(1) If the applicant was convicted of a "crime of violence" (determined by Minn. Stat. 624.712), ten years must have elapsed since the sentence expired. During that time the person must not have been convicted of any other crime (drug convictions are considered crimes of violence)
(2) Applicants not convicted of crimes of violence may petition five years after the expiration of their sentence. During that time they must not have been convicted of any other crime (including misdemeanors and serious traffic violations such as DWI).
Even though the Minnesota Board of Pardons only has jurisdiction over Minnesota criminal convictions, a conviction in any jurisdiction, including foreign countries, will be considered in determining the waiting period. The waiting period must be fully completed at the time you appear before the Board unless waiver is granted.
The Board's jurisdiction extends to Minnesota criminal convictions that meet two requirements:
First, the offense for which clemency is sought must be a criminal conviction. In Minnesota, a "petty misdemeanor" is not a crime. Likewise, matters which were dismissed by a stay of adjudication, diversion program or Minn. Stat. 152.18 dismissal are not criminal convictions. The Board does not consider civil matters such as tax liabilities; civil commitment; or the like.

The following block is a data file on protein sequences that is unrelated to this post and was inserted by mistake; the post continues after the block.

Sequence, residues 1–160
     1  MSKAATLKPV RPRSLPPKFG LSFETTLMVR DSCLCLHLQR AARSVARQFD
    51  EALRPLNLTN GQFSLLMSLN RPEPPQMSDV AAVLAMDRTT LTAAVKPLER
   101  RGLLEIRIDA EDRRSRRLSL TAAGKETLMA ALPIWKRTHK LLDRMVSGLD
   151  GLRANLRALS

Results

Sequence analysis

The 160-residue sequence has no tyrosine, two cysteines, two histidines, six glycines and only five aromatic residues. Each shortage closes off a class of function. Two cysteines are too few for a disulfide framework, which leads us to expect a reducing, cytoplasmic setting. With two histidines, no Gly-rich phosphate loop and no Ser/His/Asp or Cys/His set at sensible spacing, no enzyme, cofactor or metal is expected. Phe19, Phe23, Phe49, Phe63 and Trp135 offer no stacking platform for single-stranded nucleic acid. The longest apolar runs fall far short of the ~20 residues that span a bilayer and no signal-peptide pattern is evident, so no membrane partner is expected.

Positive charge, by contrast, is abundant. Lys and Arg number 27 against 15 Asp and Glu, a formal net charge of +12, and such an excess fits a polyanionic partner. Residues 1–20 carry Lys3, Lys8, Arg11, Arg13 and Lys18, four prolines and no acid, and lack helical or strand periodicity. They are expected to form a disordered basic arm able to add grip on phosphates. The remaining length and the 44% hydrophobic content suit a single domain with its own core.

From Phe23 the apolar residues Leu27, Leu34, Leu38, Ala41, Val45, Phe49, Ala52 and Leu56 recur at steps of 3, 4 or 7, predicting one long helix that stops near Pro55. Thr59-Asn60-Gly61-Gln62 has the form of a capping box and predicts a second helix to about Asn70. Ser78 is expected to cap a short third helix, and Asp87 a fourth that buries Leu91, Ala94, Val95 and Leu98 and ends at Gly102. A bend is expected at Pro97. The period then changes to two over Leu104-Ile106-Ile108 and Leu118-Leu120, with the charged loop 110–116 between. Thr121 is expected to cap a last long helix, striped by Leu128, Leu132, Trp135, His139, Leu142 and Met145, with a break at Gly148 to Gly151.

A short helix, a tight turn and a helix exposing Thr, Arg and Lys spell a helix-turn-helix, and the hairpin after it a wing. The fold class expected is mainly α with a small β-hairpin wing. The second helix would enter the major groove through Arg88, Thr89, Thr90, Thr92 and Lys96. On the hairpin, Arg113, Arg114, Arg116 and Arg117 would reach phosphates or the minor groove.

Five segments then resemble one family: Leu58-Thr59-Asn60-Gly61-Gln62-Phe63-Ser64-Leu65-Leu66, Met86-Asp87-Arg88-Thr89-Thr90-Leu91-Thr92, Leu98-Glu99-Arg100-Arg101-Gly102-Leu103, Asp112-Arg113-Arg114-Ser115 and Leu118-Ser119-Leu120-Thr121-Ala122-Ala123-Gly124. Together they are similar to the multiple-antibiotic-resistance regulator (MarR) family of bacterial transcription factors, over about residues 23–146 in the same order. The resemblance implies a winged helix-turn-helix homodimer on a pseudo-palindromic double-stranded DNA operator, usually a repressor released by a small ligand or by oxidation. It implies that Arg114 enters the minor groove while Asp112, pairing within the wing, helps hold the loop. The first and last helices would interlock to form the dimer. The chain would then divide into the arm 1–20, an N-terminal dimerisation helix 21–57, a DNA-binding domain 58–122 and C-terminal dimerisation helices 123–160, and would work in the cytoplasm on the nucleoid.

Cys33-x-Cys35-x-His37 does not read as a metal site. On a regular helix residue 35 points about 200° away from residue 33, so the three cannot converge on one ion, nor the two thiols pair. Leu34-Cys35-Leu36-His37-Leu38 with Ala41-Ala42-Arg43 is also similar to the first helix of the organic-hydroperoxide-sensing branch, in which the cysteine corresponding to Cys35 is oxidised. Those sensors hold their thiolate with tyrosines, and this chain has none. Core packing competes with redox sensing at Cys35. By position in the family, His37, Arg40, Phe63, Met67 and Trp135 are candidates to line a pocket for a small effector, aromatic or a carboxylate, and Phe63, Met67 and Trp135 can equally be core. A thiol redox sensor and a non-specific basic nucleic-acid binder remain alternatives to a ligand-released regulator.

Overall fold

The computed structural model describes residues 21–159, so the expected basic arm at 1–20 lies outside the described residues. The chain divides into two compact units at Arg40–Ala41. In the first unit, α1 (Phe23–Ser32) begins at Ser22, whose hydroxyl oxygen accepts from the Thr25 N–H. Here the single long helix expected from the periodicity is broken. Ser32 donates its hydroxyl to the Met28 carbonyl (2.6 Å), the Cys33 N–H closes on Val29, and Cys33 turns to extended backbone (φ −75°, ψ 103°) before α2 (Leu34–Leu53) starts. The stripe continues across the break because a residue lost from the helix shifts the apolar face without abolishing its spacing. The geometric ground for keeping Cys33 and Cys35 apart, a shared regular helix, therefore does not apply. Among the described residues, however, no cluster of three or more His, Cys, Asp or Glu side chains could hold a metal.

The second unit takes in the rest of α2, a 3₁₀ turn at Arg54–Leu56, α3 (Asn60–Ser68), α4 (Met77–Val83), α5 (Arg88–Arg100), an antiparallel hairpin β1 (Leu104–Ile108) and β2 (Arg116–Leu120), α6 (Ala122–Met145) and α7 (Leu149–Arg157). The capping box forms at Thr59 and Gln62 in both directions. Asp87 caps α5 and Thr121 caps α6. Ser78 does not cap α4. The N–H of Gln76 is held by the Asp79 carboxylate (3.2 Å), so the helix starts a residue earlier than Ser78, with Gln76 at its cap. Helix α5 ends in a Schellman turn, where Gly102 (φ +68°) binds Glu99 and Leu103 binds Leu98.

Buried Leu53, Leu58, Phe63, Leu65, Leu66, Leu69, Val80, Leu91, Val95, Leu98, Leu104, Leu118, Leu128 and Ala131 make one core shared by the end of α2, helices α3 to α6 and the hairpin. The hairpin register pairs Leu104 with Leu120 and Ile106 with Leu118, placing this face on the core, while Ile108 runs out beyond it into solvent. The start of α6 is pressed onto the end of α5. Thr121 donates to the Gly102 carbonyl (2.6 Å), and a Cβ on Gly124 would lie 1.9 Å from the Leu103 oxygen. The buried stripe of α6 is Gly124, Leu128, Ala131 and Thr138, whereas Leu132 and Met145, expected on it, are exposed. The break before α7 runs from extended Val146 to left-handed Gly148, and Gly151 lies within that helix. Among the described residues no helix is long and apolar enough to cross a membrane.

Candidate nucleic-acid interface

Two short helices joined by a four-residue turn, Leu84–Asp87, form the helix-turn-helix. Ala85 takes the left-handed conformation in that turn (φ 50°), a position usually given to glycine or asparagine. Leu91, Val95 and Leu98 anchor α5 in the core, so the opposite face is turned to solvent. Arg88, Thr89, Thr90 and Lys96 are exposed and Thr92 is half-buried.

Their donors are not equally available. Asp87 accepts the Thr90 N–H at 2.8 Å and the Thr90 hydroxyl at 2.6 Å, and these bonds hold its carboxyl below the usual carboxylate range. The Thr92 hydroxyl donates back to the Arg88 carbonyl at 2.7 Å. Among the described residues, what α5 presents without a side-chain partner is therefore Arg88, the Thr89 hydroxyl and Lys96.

Second, the conviction must have taken place in a Minnesota District Court. Clemency for Federal convictions must be considered by the President through the Office of the United States Pardons Attorney:
Office of the Pardon Attorney
1425 New York Avenue, N.W.
Washington, D.C. 20530
Ph: (202) 616-6070; http://www.justice.gov/pardon/index.html
Likewise, the Minnesota Board of Pardons does not have jurisdiction to review convictions from other states or foreign countries, even if you were a citizen of Minnesota either now or at the time of the offense.